If you are a woman, especially a young American, don't behave in a way that unintentionally tends to attract harassment -- like always being happy to help, wanting to be friends with everyone, not wanting to hurt anyone's feelings. We also live in a culture in which it is assumed that women and men are equal, or at least have equal gender roles, but this may not be true where you are headed. Becoming familiar with local culture can help you determine how to react. By gaining a good understanding of the local culture, you will show others that you know the difference between cultural tolerance of sometimes overbearing flirtations and over-the-line disgusting behavior that is not acceptable.
Laugh at yourself
Even when you don't mean to, you will likely be a spectacle that draws much attention. If you are a good sport people will be more likely to befriend you and those friends will often help you make connections you could not make on your own. If you get upset over people's attention they will give you the "white glove treatment" and it is unlikely you will make many close friends. A good sense of humor always wins friends, especially in an environment where you are going to be someone that people are curious about but likely too scared and unsure of whether it is appropriate to approach you.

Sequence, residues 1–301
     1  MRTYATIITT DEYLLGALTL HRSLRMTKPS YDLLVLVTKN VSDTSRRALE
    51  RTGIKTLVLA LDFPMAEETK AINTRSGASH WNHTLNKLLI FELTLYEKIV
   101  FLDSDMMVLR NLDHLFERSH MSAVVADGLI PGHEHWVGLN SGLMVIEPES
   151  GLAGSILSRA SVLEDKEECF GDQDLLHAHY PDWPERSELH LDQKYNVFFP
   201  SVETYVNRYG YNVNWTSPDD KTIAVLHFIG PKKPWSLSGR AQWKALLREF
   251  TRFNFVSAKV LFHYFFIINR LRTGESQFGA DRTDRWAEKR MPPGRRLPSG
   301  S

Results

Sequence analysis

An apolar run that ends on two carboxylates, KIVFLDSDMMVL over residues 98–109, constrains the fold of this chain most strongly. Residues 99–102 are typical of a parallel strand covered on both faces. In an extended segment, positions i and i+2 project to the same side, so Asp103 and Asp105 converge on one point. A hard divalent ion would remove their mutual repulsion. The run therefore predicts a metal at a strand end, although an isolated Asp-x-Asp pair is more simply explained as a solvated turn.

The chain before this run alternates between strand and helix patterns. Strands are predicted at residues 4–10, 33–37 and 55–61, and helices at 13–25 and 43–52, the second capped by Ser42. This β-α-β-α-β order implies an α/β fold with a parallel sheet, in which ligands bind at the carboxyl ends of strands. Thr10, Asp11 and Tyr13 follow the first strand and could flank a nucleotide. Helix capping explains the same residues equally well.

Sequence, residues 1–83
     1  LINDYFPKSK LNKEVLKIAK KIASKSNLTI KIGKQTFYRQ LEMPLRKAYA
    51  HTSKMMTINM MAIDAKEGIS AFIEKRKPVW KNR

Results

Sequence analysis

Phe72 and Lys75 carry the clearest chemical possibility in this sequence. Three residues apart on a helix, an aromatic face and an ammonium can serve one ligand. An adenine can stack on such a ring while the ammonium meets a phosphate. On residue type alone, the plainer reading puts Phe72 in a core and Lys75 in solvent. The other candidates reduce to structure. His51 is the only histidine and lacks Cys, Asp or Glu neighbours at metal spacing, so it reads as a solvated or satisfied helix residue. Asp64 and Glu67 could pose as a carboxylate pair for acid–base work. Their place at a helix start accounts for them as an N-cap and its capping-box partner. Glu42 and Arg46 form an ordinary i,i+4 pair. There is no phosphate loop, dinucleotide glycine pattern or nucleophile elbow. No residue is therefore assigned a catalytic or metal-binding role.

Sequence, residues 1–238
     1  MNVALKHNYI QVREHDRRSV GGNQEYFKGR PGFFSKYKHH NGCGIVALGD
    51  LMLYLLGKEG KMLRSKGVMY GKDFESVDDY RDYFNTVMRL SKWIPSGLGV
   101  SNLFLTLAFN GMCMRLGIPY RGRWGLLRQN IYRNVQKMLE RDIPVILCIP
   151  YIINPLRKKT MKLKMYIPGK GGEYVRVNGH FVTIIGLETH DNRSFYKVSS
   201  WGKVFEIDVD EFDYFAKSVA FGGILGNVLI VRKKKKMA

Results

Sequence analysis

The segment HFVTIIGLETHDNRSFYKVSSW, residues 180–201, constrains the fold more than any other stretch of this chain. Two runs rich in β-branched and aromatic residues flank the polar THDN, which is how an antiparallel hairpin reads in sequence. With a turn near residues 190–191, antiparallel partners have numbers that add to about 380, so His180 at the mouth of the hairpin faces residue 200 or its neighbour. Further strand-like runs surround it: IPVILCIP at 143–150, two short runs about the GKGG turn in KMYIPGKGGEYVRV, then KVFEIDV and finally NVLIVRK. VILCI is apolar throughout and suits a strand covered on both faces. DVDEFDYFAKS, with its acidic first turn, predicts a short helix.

No one likes a whiner. Try to turn negative experiences into positive opportunities for growth and development. Even if you had a wretched overall experience (which is unlikely), look for bright spots or silver linings. If you tell people that you hated your internship and that you will never go back to that country again, you are admitting that you are close-minded and probably not a pleasant person to be around. But you can impress people by describing the frustration and stress and then adding, "It was an amazing experience."
About today's guest bloggers
Lindsay Briggs is working on her dissertation research in Benin City, Nigeria. She graduated from Juniata College in Huntindgon, Pa., with a bachelor's degree in international affairs and Asian studies. She received her master of public health from the Indiana University School of Medicine in Indianapolis and is in the final year of her Ph.D. program at Indiana University. Her personal blog is at lindsaybriggs.blogspot.com.
Emil Nagengast is professor of politics at Juniata College in Huntingdon, Pa. He has conducted field research in Ethiopia at the headquarters of the African Union and in Gambia at the headquarters of the African Commission for Peoples and Human Rights. Each year, he takes Juniata students on a summer program in West Africa.
| October 11, 2010; 1:39 PM ET
Categories: D.C. Interns | Tags: Internships, Juniata College